There is no sign out front to announce the location of the Sound Table, the new restaurant-club from the owners of Midtown's Top Flr. "The Sound Table" is etched on the side of its building, perched at the intersection of Edgewood Avenue and Boulevard in the Old Fourth Ward, but the words pale next to a stately mural of Martin Luther King Jr.'s visage. Park in the scruffy lot next to the building, then walk around to the front and pull open the black door flanked by large windows.
Your ears register the place before your eyes adjust to the dimness. A lush seventies groove may shimmy in the air, or perhaps a tight synthesizer drumbeat circa 1984.
Stairs lead to a second-floor dining area that accommodates the weekend throngs, but on weekdays all the dinnertime action happens in the room straight ahead. A long bar fills the right side of the space. Bottles glint with labels of titillating liquors that go way beyond the standard Bombay Sapphire and Jim Beam. Opposite is a raised platform with tables and a softly backlit wooden bench against a craggy brick wall. Light fixtures that resemble glowing test tubes dangle in the air. Toward the rear is an open DJ booth, its back panel painted the bright green of a golf course fairway.
I’ll admit, the first time I strolled in here, I thought, "Is this place just a little too funkadelic for Tuesday night supper?" Then I ordered the Horse’s Neck, a cocktail that mingles bourbon, three kinds of bitters (Peychaud’s, Angostura, and Regans’ Orange), and ginger beer. Its sophisticated flavors bounced among sweet, spicy, and herbal without straying too far in any one direction. I grabbed creamy, crispy Belgian-style frites, swiping one after another through silky homemade mayonnaise. My doubts began to subside.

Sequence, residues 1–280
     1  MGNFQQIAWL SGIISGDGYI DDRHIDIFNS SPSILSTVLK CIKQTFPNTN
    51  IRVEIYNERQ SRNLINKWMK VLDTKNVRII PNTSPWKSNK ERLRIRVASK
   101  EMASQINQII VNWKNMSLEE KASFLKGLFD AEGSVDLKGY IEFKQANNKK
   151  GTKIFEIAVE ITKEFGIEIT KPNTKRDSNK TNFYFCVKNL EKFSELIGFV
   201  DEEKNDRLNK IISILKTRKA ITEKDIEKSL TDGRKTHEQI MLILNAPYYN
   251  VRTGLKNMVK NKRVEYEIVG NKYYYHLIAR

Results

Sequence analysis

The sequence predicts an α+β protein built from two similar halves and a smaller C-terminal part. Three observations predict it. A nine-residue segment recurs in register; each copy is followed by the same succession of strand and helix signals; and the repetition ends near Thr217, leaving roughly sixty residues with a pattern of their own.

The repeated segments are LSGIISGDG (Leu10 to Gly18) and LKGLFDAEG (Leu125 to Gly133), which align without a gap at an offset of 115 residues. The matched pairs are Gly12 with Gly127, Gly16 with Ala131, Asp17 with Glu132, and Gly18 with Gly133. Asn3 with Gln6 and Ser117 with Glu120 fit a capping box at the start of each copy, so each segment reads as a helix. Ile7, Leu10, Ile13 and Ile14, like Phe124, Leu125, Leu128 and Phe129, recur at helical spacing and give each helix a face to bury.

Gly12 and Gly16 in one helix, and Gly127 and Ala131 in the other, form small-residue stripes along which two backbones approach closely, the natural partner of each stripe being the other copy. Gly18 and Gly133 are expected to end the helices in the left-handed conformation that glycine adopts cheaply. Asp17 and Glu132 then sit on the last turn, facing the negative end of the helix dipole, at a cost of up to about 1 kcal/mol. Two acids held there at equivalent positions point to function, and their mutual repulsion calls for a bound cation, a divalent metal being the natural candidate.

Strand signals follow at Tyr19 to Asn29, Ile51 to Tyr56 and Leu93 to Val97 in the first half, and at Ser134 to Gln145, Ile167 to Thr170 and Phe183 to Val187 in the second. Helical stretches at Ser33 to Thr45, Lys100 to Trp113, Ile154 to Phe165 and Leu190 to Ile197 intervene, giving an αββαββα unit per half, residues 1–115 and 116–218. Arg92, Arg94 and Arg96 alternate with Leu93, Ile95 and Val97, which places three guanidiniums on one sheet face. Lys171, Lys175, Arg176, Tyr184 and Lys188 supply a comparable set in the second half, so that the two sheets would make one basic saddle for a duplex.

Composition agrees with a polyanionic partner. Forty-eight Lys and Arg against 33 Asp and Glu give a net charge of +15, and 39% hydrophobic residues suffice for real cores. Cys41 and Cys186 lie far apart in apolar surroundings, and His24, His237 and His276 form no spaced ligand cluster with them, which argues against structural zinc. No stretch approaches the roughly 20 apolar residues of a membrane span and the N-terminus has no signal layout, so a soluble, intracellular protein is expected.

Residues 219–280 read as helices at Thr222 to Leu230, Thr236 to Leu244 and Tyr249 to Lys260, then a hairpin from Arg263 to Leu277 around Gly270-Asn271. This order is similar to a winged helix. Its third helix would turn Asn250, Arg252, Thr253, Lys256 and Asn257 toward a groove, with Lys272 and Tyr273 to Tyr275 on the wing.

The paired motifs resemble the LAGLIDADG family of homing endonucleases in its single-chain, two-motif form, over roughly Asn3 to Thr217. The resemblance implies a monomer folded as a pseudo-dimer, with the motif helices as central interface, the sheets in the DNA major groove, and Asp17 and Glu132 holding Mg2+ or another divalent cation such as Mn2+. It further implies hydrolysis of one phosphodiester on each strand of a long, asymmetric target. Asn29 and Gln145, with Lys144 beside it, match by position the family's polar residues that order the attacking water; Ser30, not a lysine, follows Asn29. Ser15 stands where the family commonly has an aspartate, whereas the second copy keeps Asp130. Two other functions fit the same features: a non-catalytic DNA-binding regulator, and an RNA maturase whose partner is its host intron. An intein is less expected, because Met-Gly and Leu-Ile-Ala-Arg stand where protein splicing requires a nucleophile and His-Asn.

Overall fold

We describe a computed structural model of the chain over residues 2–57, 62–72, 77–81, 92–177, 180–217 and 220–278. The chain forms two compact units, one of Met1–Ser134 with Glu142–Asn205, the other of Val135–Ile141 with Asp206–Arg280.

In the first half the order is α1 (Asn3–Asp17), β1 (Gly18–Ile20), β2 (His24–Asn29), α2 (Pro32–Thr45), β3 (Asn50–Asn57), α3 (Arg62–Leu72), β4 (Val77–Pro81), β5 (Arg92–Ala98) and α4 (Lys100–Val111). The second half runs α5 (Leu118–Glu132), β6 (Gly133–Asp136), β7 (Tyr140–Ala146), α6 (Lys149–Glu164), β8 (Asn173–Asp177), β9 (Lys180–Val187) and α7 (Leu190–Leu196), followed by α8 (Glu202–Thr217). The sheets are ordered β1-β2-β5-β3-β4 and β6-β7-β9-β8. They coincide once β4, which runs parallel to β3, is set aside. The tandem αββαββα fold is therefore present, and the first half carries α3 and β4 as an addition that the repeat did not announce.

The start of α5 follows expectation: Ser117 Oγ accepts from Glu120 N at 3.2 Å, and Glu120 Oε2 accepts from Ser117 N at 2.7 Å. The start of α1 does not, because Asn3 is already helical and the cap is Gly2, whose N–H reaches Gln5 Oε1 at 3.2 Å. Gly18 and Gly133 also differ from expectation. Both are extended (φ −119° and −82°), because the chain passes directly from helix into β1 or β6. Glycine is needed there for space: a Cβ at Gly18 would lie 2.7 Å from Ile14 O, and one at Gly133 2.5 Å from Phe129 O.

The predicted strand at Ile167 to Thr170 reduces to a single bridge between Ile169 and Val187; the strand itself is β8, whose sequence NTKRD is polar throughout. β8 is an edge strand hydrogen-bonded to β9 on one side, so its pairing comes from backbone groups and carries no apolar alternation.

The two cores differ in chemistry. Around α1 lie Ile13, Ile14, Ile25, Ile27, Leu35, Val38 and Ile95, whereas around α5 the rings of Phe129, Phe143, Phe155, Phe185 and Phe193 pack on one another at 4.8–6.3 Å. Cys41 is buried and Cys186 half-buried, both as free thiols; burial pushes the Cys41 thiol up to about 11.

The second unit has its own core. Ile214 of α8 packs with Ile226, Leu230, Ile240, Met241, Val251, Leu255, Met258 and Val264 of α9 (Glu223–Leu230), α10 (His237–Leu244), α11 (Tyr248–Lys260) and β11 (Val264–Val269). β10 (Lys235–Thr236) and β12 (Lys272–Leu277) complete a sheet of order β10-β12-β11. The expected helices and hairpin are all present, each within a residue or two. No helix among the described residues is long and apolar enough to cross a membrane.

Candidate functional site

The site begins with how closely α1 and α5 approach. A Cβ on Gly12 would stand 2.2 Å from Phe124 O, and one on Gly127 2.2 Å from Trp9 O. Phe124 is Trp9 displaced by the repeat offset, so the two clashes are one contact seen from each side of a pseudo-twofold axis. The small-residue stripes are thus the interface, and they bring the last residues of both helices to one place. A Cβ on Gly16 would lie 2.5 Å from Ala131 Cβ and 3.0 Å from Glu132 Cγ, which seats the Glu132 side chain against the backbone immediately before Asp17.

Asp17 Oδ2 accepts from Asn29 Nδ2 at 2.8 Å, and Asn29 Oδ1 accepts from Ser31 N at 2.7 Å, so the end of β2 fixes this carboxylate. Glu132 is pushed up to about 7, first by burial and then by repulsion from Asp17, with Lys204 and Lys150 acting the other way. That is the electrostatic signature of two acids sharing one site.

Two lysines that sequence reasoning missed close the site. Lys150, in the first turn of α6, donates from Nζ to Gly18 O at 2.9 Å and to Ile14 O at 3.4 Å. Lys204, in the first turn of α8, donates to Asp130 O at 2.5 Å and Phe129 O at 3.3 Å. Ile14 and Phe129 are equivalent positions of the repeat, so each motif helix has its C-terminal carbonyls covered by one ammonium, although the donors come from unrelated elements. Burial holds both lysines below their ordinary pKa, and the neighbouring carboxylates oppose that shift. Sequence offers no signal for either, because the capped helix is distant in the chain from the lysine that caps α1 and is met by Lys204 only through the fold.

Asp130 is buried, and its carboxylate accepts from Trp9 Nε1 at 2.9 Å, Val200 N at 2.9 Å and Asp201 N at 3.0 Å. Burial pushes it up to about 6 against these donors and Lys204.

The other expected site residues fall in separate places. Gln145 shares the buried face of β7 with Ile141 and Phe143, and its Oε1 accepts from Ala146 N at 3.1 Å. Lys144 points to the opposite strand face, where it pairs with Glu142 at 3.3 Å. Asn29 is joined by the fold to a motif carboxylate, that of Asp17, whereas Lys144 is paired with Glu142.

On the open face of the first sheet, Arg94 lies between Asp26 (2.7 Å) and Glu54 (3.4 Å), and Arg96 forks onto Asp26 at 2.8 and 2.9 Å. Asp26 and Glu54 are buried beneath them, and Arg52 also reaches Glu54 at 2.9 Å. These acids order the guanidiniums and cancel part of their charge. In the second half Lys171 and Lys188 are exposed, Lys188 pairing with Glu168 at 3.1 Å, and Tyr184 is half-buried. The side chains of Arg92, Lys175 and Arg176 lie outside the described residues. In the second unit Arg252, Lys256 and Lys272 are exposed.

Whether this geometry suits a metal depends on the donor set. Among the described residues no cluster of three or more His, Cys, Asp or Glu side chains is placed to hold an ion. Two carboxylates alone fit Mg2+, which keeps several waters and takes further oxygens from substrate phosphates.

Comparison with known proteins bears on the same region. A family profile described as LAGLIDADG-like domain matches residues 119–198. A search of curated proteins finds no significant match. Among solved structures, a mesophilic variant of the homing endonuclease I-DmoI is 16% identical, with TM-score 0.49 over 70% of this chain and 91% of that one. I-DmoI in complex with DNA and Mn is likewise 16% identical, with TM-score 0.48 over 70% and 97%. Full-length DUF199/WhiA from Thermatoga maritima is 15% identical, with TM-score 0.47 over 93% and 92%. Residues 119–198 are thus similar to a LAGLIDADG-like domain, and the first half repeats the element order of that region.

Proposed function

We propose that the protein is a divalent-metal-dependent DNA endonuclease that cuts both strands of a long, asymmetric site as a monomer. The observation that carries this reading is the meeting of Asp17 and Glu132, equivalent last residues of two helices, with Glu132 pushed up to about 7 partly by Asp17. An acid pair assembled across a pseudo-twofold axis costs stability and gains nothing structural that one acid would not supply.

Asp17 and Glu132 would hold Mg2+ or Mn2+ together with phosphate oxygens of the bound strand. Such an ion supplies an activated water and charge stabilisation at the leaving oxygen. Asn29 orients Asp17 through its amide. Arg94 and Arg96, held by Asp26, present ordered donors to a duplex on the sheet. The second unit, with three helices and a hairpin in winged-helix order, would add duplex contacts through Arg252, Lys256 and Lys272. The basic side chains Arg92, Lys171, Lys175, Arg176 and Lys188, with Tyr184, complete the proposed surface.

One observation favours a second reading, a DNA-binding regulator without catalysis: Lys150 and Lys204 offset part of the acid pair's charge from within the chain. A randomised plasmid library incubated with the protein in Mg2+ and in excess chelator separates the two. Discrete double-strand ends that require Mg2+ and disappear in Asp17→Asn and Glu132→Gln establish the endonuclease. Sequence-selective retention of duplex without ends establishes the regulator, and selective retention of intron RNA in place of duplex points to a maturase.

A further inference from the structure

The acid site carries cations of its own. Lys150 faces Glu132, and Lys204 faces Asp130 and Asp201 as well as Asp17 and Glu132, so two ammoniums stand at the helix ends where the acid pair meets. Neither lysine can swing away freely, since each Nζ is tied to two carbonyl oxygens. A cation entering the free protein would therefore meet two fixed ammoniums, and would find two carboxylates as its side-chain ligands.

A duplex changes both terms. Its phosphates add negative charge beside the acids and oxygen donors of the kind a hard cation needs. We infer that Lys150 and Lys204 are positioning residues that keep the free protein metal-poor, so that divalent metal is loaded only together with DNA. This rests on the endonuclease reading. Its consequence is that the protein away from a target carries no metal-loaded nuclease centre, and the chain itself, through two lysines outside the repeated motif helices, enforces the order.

After four visits, I’m an enthusiastic convert, particularly when I think back to the predecessors of this kind of scenester haunt—the cacophonous monsters that dominated the Atlanta restaurant landscape five years ago. Buckhead’s Twist, Midtown’s Shout, and Two Urban Licks on Ralph McGill are model examples. Mobs would descend on them so furiously that waits could stretch past an hour and callers requesting reservations would have to scream into the phone to be heard. Servers slung fruity martinis and fried calamari with crazed speed. The experience usually felt indifferent amid the madness.
Those party venues remain, and they have their loyalists. How gratifying, though, that when the splurge mentality began to fade a few years back, an overdue breed of smaller, more individualistic restaurants began to emerge. Top Flr, owned by Darren Carr and Jeff Myers, helped lead the way when it opened in 2007. Staunchly affordable, the menu remains quirky but smart. (Tuna tartar with miso pesto, avocado, and lime aioli over Sardinian flatbread? It works.) The place appeals to hipsters, and it flaunts distinctive elements—a mod layout, an engaging staff, tranquilizing sound tracks that mesh genres, a provocative wine list with far-flung options—that forge a sense of intimacy.